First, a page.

Telemedicine had stayed away from mainstream implementation throughout the last century. In 2000, a patient used to travel to a hospital, see the list of available doctors on a board, select the doctor and then get the consultation. Numerous times patients had to reschedule the visit because the doctor couldn’t show up at the specified date and time. By 2020, the internet had solved this by making doctors’ availability accessible before the appointment. But the patient still had to travel to the hospital for offline consultation. Covid-19 changed all that. To reduce the risk of viral transmission to either patients or healthcare workers, elective and preventive visits were converted to telemedicine visits. Due to the lockdown and social distancing measures, people started refraining from going to clinics and healthcare organizations to consult doctors. This significantly increased the growth of telemedicine services.
What is Telemedicine Services?
Telemedicine services involve the use of electronic communications and software, powered by the internet, to provide clinical services to patients without an in-person visit. Telemedicine technology is frequently used for follow-up visits, medication management, specialist consultation, and other services that can be provided remotely via secure video and audio connections. In the last three to five years, the dynamics of the healthcare industry had changed due to a shift to direct-to-consumer telemedicine services. CoVID-19 acted as a shot in the arm for the telemedicine industry.
Telemedicine has a host of benefits for patients and providers alike.
The benefit of telemedicine services to Patients:
- Improved access to quality healthcare
- Reduced time wastage and travel expenses
- Reduced interference with household responsibilities
- Higher level of privacy
- Prevention from exposure to other potentially contagious patients
The benefit of telemedicine services to Healthcare Providers:
- Increased efficiency and revenue
- Easier onboarding of doctors and patients
- Improved patient follow-through
- Reduced missed appointments and cancellations
- Better protection against the threat of retail health clinics and online-only providers
CoVID led instantaneous growth in telemedicine
COVID-19 has pumped up the use of telemedicine. According to McKinsey COVID-19 Consumer Survey, consumer telemedicine adoption had skyrocketed, from 11 percent of US consumers in 2019 to 46 percent by April 2020. Up to $250 billion of current US healthcare spend could potentially be virtualized. According to another recent market intelligence study published by BIS Research, the global telemedicine market was estimated at $21.55 billion in 2019 and is expected to reach $123 billion by the end of 2030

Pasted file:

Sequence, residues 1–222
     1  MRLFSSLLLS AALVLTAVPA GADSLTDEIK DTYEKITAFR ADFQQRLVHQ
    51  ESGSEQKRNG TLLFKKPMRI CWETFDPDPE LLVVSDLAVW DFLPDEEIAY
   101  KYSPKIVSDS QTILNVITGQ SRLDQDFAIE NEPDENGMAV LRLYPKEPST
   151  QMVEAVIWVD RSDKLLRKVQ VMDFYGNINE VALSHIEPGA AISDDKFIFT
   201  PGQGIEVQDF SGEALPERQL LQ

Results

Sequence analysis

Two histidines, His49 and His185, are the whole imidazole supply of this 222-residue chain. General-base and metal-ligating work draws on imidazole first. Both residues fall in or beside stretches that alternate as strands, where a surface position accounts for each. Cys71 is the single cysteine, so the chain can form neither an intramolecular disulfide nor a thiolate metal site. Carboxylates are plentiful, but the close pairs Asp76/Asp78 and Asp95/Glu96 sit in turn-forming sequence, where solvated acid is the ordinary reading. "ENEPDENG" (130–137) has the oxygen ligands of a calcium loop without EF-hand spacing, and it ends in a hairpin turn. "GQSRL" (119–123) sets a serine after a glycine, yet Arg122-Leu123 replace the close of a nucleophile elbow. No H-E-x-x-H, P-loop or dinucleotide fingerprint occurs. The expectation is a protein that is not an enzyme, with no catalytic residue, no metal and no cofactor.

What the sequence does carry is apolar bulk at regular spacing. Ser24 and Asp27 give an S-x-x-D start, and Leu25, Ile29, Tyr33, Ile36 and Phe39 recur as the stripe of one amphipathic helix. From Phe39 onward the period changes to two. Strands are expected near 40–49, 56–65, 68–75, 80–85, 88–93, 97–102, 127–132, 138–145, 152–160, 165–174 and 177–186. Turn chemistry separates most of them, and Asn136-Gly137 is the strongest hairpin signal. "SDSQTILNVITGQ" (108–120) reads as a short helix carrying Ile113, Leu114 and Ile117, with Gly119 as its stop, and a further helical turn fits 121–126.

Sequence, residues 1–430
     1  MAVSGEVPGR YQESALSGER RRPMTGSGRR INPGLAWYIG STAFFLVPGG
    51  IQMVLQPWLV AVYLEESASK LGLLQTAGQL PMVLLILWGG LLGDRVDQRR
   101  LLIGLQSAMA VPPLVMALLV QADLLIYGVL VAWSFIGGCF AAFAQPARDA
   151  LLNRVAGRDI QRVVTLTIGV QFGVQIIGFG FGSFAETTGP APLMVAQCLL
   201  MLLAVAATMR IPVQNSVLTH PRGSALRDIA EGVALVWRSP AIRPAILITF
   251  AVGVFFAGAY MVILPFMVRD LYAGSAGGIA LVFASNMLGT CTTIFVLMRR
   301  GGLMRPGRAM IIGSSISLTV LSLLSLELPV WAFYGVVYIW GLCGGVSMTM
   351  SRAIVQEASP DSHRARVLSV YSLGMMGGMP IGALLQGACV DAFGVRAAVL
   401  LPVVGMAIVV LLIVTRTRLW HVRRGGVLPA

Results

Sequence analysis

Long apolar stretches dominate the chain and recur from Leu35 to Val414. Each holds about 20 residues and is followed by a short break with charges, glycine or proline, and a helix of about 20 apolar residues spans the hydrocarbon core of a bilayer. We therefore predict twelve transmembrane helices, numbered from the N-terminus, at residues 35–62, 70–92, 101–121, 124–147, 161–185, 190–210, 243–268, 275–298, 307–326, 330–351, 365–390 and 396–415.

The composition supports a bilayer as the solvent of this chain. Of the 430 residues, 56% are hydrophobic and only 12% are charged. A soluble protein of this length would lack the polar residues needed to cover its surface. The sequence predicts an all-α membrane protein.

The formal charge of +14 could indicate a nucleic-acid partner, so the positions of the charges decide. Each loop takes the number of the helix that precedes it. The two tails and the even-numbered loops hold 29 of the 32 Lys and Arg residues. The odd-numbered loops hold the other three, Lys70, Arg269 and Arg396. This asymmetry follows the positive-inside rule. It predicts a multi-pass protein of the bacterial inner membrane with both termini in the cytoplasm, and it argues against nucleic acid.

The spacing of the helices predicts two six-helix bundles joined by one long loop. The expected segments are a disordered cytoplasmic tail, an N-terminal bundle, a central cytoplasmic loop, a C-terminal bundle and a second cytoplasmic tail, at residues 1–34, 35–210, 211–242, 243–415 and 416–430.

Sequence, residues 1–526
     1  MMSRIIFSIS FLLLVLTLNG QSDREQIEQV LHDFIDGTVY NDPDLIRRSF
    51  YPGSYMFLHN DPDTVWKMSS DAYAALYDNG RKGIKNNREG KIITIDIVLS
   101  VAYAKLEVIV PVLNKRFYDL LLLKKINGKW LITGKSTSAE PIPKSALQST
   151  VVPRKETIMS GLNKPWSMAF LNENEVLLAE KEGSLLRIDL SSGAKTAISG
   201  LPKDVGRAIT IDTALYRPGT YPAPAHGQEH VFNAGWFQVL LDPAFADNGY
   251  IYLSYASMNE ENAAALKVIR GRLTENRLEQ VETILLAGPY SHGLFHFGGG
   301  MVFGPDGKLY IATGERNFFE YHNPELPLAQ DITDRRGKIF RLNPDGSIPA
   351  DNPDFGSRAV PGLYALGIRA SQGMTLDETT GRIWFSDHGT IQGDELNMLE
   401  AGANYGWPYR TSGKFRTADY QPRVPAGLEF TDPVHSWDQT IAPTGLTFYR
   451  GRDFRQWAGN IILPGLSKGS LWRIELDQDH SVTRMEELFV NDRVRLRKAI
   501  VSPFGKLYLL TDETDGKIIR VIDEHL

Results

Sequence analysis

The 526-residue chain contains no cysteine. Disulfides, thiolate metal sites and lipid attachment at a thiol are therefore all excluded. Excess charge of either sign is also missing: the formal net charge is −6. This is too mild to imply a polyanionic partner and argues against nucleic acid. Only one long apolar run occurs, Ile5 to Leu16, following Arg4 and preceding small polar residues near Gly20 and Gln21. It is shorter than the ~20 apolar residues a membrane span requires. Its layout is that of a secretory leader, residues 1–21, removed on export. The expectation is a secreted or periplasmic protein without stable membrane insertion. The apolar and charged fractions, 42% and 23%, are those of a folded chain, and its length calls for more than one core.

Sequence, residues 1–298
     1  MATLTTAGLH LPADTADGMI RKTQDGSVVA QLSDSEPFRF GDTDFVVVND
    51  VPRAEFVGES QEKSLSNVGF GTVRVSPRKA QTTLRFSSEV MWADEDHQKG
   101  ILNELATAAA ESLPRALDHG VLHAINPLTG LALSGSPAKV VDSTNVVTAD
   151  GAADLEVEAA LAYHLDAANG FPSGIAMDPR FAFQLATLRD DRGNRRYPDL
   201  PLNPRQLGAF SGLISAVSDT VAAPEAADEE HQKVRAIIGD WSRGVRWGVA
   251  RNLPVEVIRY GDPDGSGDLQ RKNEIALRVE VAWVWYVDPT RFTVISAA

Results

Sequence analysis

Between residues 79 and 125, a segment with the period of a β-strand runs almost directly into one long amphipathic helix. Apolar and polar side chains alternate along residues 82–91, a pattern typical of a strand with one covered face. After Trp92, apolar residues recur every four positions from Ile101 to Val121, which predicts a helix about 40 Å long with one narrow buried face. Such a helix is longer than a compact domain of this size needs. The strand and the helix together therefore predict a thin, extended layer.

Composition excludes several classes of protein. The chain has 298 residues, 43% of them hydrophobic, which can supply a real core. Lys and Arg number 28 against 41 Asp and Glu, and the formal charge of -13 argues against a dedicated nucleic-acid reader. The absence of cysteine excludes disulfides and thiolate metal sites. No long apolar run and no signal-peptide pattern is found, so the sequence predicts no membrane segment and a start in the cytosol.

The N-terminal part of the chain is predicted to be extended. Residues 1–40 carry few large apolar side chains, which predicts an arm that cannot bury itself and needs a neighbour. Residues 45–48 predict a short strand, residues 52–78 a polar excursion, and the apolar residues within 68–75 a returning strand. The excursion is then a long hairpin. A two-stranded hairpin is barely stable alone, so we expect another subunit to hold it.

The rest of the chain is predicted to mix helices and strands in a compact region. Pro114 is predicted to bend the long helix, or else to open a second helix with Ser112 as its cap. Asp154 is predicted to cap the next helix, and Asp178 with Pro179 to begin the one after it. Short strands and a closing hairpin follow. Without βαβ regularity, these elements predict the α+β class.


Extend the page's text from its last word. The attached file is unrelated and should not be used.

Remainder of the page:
Covid-19 has provided a new opportunity to revisit the cycle of patients’ clinical assessment, treatment, and monitoring. Telemedicine has emerged as a significant alternative for healthcare providers to improve care delivery, especially during a crisis. The technology holds the promise to solve some of the most significant problems related to global healthcare systems, such as access to care, cost-effective delivery, and distribution of limited providers. This pandemic has given the digital health community the opportunity to leverage big data analytics, artificial intelligence, remote learning, and data interconnectivity.
Potential of telemedicine services in a post CoVID world
Telemedicine will continue to play a major role in a hybrid model of care that emphasizes treating patients where and how they prefer — at home, on the go, or in person. With this shift, the industry will reduce costs, waste fewer resources, increase access to care, and improve patient outcomes in the post-Covid-19 world. The patient journey will start online and get directed to the optimal care setting either physically or virtually. Technology will empower improved outpatient care for patients and optimize doctor’s consulting time. On-demand pathology diagnostics and home healthcare services, coupled with e-pharmacies facilitating the delivery of medicines, will get a boost.
Telemedicine will increase access to necessary care in areas with shortages, such as behavioral health. Fundamentally, telemedicine would increase the convenience for patients to access care when they need it and the likelihood that they will take the right steps to manage their care. Telemedicine will improve healthcare access by enabling remote patients to obtain clinical services, including emergency and intensive care services. The technology will also help improve health outcomes by enabling patients to get the diagnosis and treatment for a condition at an early stage, thus saving clinical costs.
If right now, you are thinking that starting a telemedicine service business is a good idea, start today. There no-code products like Panther that enables building a telemedicine platform. If you need more clarification on how to start your tech business without coding, read my earlier post on No Code. If you need any assistance you can reach me via Twitter/LinkedIn